soybeans

Photo of Bret Davis
NICK EVANS / WOSU

Farmers in Ohio and many other parts of the country are rushing to get their crops planted after a long, wet spring. The late start means many acres intended for corn won’t get planted, and farmers are running far behind on soy beans as well. WOSU's Nick Evans visited a few farms throughout Central Ohio to see how farmers are trying to get back on track.

The last time I visited Bret Davis’ farm in Delaware County, I was asking him about a program helping farmers bit by the trade war.  It was raining then, and it was wet when I spoke to him this week, too.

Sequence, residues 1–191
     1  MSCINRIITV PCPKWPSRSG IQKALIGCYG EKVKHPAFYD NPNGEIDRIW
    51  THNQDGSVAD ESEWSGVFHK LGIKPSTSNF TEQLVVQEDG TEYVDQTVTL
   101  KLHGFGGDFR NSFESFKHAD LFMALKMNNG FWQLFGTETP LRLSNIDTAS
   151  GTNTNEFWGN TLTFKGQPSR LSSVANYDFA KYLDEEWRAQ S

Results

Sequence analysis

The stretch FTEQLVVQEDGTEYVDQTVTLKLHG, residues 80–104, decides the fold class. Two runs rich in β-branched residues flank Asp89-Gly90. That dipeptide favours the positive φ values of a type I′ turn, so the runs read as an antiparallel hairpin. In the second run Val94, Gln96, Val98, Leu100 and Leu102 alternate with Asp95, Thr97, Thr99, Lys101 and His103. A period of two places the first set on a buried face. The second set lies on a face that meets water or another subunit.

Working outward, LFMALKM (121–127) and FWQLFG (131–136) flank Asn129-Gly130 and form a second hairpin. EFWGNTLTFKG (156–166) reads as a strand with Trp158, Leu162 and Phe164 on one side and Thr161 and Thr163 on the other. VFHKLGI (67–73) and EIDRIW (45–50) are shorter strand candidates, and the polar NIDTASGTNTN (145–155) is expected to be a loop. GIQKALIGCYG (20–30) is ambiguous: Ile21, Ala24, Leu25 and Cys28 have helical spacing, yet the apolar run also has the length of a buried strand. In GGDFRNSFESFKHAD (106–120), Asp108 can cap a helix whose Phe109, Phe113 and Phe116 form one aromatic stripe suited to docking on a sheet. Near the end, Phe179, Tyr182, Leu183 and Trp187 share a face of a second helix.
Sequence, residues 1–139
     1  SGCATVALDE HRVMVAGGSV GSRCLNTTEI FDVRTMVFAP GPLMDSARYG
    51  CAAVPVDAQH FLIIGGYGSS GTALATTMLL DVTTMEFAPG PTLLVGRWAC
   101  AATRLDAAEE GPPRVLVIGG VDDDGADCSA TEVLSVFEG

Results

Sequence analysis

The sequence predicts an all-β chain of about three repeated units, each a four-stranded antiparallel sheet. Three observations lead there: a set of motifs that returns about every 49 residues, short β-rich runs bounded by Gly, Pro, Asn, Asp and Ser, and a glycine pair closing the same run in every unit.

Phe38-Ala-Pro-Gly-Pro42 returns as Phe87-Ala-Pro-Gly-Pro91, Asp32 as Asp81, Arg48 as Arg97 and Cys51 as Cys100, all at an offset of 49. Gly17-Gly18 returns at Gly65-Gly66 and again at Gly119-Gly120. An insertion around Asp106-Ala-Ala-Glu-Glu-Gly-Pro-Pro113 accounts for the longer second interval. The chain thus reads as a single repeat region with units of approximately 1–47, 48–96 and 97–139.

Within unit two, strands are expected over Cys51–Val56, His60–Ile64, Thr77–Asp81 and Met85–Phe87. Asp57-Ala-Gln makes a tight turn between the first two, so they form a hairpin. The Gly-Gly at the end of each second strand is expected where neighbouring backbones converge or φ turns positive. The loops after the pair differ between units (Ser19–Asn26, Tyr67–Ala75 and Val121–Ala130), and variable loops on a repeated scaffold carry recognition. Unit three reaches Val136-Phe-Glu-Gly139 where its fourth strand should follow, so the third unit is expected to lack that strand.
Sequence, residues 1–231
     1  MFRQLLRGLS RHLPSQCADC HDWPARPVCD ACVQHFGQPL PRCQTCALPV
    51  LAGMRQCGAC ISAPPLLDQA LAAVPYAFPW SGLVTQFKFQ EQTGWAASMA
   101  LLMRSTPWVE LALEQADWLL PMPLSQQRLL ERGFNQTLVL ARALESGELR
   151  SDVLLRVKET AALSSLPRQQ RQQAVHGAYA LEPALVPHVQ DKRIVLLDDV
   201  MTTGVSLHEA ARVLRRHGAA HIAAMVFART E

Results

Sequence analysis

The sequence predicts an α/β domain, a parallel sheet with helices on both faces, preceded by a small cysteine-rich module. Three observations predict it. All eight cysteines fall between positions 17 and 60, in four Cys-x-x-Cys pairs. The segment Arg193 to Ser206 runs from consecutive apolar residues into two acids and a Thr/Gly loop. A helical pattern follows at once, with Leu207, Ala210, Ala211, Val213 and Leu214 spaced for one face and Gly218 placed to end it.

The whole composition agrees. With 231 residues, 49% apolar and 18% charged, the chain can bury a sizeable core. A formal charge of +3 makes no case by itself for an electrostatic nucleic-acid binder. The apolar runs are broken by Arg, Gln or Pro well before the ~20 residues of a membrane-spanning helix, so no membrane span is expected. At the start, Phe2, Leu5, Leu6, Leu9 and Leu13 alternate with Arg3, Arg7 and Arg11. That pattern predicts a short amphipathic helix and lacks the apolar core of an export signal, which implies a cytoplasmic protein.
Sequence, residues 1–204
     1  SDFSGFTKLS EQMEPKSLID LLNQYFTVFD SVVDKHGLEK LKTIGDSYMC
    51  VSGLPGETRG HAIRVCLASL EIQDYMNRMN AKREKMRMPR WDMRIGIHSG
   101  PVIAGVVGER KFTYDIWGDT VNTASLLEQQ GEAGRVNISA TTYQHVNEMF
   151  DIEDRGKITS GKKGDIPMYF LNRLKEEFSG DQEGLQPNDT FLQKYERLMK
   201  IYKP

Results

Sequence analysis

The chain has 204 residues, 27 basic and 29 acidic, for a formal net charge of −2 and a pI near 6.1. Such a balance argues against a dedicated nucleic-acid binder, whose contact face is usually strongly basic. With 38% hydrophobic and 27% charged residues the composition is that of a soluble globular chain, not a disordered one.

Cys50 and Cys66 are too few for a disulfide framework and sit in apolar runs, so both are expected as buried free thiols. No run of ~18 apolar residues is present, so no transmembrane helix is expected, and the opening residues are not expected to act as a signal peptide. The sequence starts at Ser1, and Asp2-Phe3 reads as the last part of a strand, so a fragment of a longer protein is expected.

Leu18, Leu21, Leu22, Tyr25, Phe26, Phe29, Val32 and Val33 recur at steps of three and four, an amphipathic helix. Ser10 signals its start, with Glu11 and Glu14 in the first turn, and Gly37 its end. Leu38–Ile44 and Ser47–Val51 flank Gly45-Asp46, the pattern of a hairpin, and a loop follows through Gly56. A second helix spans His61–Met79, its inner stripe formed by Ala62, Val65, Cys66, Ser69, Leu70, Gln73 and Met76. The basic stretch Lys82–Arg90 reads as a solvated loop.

photo of heroin and syringe
DIMITRIS KALOGEROPOYLOS / FLICKR

Here are your morning headlines for Monday, July 23:

photo of aerial photo of Northern Ohio farmland
OHIO PUBLIC RADIO

The $50 billion in tariffs already announced by the U.S. and China could have a big impact on Ohio farmers.

The U.S. tariffs on aerospace and machinery announced this week were met with China’s proposed tariffs on everything from soybeans to airplanes.

China accounts for about 40 percent of Ohio’s agricultural exports, and 30 percent of the state’s $1.4 billion soybean industry.